Keep Your Own Counsel on the Blackboard Controversy

By Michael Feldstein, SUNY Learning Network (NY)

As you may know, Blackboard Inc. was recently granted a patent on aspects of Learning Management Systems and filed an infringement lawsuit against competitor Desire2Learn.

There are a lot of claims and counter-claims flying back and forth about what these developments may or may not mean for higher education and online learning. (Full disclosure: I am opposed to Blackboard’s litigation.) However, all sides agree that universities will benefit from educating themselves about the fundamentals of the issue. To that end, this article provides a series of questions that you can take to your college’s legal counsel in order to better understand how patents on educational software in general and Blackboard’s patent in particular may affect your institution.

Michael Feldstein

Michael Feldstein, SUNY Learning Network (NY)

Your Current Risk Exposure

Your first goal should be to determine which systems within your university may be at risk of infringing on Blackboard’s patents and what the consequences of infringement might be. Keep in mind that the patent could potentially cover software that you don’t necessarily think of as a Learning Management System (LMS). Also, be aware that individual schools, departments, or faculty members could be using software systems other than your officially supported LMS. With that in mind, here are some questions for your legal counsel:

  • Can you give me a plain-English test that I can use to determine whether a given software system may infringe on Blackboard’s patent? (Since an understanding of the patent claims requires both technical and legal expertise, your counsel may find this document [interpretations by Michael Feldstein] to be a helpful starting point.)
  • For each system that may infringe on the patent, who is potentially liable? The software manufacturer? The support vendor? The university?
  • If the patent is upheld or if Desire2Learn settles out of court, what is likely to happen with other potentially infringing products?
  • In their patent FAQ, Blackboard asserts that claims 1 and 36 [view the patent and scroll to see claims 1 and 36] are the ones that matter most (since they are the only “independent” claims). If these claims were invalidated in the court case, what would happen to the other 42 claims in the patent?

Broader Implications

Once you understand your current risk profile, it will be important to get a better grasp of how the trend of patenting educational software could change the landscape of academic computing, as well as how your institution can prepare for those changes. Here are some questions that could help in that regard:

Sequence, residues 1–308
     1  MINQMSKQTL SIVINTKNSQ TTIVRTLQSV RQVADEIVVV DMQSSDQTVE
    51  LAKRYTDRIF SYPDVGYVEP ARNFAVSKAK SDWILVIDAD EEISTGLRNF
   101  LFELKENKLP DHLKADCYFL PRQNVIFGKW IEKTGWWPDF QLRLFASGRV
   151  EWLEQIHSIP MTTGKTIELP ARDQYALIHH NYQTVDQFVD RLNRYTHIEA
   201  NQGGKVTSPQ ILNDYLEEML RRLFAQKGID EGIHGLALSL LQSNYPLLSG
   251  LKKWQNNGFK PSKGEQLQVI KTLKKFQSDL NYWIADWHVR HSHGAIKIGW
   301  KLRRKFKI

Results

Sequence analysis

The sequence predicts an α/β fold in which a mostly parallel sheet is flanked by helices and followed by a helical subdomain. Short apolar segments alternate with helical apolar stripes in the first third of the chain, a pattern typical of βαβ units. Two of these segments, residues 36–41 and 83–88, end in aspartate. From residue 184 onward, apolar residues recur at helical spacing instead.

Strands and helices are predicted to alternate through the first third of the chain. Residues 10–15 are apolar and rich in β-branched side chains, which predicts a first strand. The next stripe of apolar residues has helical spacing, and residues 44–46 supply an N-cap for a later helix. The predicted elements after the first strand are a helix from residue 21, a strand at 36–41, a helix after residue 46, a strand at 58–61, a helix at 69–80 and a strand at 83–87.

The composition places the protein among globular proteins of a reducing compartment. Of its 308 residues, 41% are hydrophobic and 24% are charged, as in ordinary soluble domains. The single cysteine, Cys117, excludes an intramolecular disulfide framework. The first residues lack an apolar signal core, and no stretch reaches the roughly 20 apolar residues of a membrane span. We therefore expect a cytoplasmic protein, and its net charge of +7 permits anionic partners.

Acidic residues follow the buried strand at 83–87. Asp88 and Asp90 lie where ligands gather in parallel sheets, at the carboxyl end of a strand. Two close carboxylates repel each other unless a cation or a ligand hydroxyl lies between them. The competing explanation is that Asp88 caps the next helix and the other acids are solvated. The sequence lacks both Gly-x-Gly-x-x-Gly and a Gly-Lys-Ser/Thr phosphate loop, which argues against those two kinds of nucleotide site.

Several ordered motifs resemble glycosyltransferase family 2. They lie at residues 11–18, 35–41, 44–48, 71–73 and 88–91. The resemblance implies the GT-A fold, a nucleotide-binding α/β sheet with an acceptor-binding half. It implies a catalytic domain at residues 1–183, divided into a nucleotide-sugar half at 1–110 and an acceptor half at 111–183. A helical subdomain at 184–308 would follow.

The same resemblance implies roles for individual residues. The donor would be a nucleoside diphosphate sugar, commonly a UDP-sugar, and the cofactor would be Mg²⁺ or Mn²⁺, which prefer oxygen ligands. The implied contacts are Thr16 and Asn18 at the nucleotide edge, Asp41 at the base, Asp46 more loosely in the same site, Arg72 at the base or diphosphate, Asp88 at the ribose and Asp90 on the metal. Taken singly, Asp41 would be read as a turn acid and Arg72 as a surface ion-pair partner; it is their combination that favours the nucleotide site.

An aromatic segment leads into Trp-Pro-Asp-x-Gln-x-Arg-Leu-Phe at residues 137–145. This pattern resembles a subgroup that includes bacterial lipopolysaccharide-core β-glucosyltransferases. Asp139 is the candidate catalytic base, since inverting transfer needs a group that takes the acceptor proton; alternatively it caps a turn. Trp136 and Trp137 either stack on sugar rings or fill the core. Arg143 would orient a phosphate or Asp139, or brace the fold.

• Blackboard has also filed for a patent on content management and portal systems [U.S. patent application #20060026213]. Can you give me a plain-English test that I can use to determine whether a given software system may infringe on this patent should it be approved?
  • eCollege holds a patent on an online grading system [U.S. Patent #6,678,500]. Can you give me a plain-English test that I can use to determine whether a given software system may infringe on this patent?
  • What typically happens in industries in which multiple parties hold multiple patents on aspects of a single product? How are the legal issues worked out? What happens to companies that do not hold patents?
  • Nearly all of today’s commercially available Learning Management Systems started off as homegrown university systems that were later commercialized. For example, Blackboard started at Cornell University, WebCT [now merged with Blackboard] at University of British Columbia, and Desire2Learn at University of Waterloo. If a group on your campus wished to develop an LMS today, what would be your legal advice on the matter?
  • Many of the features in commercial Learning Management Systems are the direct result of either customer requests for features or customers actually paying for features to be implemented. Given an environment in which such features are potentially patentable, how would you advise the institution to handle feature requests to the vendors?

The answers to these questions should help your institution to understand the legal risks and begin crafting a policy that will protect you in the changing environment.

Michael Feldstein is an Assistant Director at the State University of New York’s SUNY Learning Network. His blog, e-Literate, which focuses on online learning, has numerous current entries about the Blackboard patent including references, resources, analysis, and various points of view.

[Editor’s note: Desire2Learn’s Patent-Information Blog is another source of basic information about the patent lawsuit, along with Blackboard’s patent FAQ, About Blackboard Patents, mentioned above.]

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